Speaker 2 (15m 3s): You know, and I love dr. Wellman. I love, you know, we’re talking a lot about Modeling healthy behaviour, this season of the Run Lift Mom podcast. And what you’re describing is Modeling not only Vulnerability, but also Courage for Reagan.

Speaker 1 (15m 18s): Thank you for saying that. Sometimes I don’t feel it, you know, as moms, we, we like to be hard on ourselves, but I have put my relationship with Reagan and her health and my health as one of the priorities in my life. And I don’t know that I’ve ever done that. You know, we’re always chasing our paycheck. We’re always trying to get the house we want. We’re always trying to do all of these things. And for me, again, it really was, I’m going to be a great scholar and my family will benefit from that, you know, but I was forced to say, you’re stripped to the bottom.

One of the things I would encourage any mom who is grieving, anything, don’t be afraid to let your kids see your heart. There’s a fine balance between I cannot have Reagan of six year old, my grieving partner, but I also can’t isolate Reagan from my grief, because if we show Vulnerability too, our kids and she knows yes, work has hurt me. Yes. The death of her father has hurt me. Then when Reagan’s struggling, then she also knows I am a safe person to express her feelings too, because she knows I have them.

You know? And so I think as moms, we want so badly to protect our kids from everything, but don’t protect them from you. You know, let them see you as a human, because that’s who they believe they can be. So if I’m telling Reagan Ew, you know, I’m safe. You can grieve with me. You can be anything you want, but I’m, Modeling, you know, like I don’t like my body. I don’t believe in myself. I, you know, can’t show her emotions. Then the woman Reagan is going to grow to be it’s the woman she looks at and listens to. And so I very, very heavily encourage any mom to just be herself and love herself for her children.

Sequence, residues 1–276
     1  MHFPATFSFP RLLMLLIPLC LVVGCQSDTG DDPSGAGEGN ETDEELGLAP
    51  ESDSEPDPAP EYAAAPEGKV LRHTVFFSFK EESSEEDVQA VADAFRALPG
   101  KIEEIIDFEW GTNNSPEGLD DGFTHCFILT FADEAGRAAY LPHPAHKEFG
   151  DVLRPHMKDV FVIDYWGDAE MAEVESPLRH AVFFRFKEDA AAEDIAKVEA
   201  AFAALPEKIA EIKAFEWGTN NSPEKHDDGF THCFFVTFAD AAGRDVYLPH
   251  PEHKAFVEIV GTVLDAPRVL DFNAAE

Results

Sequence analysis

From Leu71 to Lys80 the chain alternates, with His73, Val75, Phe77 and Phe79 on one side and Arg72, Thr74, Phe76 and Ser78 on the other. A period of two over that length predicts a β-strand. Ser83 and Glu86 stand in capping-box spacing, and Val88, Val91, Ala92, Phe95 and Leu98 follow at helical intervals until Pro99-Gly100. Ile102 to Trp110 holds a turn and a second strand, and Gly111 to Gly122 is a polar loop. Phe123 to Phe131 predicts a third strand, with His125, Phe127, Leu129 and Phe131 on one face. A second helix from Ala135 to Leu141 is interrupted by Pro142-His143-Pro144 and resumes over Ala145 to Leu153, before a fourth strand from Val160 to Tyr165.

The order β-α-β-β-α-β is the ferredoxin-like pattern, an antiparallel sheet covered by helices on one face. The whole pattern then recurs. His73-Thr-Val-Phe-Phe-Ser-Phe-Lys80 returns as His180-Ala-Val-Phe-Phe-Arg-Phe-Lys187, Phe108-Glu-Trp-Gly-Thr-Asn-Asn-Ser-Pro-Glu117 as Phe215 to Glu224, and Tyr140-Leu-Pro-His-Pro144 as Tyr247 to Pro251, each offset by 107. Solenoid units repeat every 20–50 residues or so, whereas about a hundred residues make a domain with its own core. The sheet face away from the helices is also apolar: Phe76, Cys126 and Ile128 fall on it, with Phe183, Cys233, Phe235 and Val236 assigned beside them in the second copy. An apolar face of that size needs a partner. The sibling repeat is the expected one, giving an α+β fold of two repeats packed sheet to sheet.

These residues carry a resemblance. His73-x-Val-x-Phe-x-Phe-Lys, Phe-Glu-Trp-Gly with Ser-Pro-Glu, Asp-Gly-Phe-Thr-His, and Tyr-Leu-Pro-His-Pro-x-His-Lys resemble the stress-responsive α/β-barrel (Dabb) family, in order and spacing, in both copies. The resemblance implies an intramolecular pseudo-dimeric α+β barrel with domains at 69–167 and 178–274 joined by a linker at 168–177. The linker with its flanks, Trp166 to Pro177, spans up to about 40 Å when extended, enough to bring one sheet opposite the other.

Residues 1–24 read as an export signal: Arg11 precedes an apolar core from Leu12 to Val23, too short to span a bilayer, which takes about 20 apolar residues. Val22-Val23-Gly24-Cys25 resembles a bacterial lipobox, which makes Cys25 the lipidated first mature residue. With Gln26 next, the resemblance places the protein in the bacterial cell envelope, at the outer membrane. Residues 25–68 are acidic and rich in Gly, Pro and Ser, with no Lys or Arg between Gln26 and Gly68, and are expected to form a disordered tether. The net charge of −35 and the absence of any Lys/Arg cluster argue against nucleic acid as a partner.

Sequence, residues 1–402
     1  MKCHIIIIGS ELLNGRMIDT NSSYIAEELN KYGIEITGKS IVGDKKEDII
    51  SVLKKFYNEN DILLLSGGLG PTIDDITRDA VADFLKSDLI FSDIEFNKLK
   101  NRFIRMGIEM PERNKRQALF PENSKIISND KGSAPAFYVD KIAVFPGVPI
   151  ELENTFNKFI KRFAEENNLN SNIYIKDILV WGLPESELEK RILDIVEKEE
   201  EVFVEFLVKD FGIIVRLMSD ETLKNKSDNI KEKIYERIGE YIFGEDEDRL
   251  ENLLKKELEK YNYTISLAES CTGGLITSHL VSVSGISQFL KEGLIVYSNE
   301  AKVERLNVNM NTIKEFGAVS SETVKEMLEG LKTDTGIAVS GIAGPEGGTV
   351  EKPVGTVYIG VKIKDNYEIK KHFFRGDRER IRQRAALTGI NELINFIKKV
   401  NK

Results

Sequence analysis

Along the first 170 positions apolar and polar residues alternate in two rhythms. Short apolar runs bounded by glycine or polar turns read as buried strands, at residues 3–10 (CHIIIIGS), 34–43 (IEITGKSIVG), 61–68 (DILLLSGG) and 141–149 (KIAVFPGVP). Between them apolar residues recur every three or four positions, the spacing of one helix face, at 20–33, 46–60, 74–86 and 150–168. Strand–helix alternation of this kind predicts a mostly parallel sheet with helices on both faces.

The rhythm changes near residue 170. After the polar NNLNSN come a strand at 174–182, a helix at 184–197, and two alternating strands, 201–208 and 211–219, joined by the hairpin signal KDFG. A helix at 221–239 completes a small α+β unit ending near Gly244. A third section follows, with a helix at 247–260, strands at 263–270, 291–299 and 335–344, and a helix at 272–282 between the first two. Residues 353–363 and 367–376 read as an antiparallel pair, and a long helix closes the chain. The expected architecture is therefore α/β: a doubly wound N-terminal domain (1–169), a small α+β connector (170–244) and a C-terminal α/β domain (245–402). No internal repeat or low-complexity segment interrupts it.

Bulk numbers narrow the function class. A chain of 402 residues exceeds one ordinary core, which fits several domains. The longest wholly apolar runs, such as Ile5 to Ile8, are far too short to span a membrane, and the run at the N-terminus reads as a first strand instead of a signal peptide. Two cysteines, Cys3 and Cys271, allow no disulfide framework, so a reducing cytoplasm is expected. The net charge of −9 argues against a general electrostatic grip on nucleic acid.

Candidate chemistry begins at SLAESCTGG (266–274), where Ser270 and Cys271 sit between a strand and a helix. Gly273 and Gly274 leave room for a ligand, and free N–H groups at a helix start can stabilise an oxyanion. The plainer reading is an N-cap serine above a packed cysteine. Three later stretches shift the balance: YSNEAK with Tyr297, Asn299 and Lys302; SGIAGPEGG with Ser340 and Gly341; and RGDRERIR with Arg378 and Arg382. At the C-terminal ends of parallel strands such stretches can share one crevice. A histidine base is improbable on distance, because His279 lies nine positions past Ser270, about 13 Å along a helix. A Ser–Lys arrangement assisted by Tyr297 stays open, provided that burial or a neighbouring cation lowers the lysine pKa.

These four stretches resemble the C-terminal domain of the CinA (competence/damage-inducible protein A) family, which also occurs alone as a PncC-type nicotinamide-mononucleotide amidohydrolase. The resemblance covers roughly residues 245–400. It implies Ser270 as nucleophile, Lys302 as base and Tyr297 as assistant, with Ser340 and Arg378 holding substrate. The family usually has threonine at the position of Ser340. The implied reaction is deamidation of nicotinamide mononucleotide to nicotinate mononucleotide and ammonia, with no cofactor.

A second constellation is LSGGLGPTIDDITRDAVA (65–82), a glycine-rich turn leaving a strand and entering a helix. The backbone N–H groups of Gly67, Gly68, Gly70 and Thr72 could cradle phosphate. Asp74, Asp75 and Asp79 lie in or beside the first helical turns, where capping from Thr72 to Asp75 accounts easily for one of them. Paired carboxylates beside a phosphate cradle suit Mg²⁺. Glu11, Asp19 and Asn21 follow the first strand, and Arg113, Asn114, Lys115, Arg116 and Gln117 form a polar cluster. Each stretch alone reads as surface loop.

Let that be what guides, you know, job, no paycheck. Our kids don’t know that my daughter, you think my daughter knows the difference between Mom the tenured associate professor or Mom the instructor, or Mom the high school teacher or mom, the, you know, janitor, she doesn’t care. And each one is noble. You know, each one is noble because I’m doing it for my family, but, but I’m a woman. And I think whatever woman I’m modeling for her and whatever mother and Modeling for her, that’s what Reagan is going to say. Like, well, you know, my worth is valuable because my mom fought to get hers reclaimed.

And my mom showed me what it’s like hurt and strive for better and to believe in herself. And so again, like if you can’t model it, my daughters, I’m going to believe it. So that’s really been, let her see the good, the, the ugly to a minute or, you know, to a minimum, but we let her see that I’m a human. And then she’ll know when she messes up, when she fails, when she gets hurt, that that’s also very human and she’s allowed to, to confine and be with me. Ashley where can folks find you online?

Of course they can find I do have to shout out to my incredible illustrator. If you guys are familiar with the Thomas Kincaid, World the painter of light, his brilliant and independently successful nephews, Zach Kincaid, who’s just in and of himself. This amazing artist he’s My illustrator. And one of the greatest things about him is that he said, Ashley, I’m not an illustrator. I’m an artist. And I’m nervous about this. I said, great.

I’m nervous about it. I wanted it to be a work of art. And so I cannot wait for your viewers to jump on and see his work. The story of Fresno is about really loving things that are different from yourself, finding what friendship truly means and being comfortable with the uncomfortable. And so I think your listeners will really be able to talk to their kids about what it means to accept those who aren’t just like us and what it means to love others and love yourself the way that you deserve. Thank you. Dr Wellman for sharing your very courageous story and redefinition.

Speaker 1 (20m 9s): You so much for listening to the Run Lift Mom podcast. I want to let you know that you can swipe up in the podcast player, that your in to see the show notes, that’s going to take you to my website and you’re going to get a deep dive on today’s show. Cool. Huh? You could think of it as a blog post, that compliments what was covered today with all of the links and resources discussed. Don’t forget to check out the podcast partners as well with some really great offers for you. And until I get into your earpiece again, remember for a while bodily training is of some value.

Godliness is a value in every way as it holds promise for the present life and also for the life to come that’s first Timothy four eight,

Speaker 2 (20m 48s): And this has been the Run Lift Mom podcast.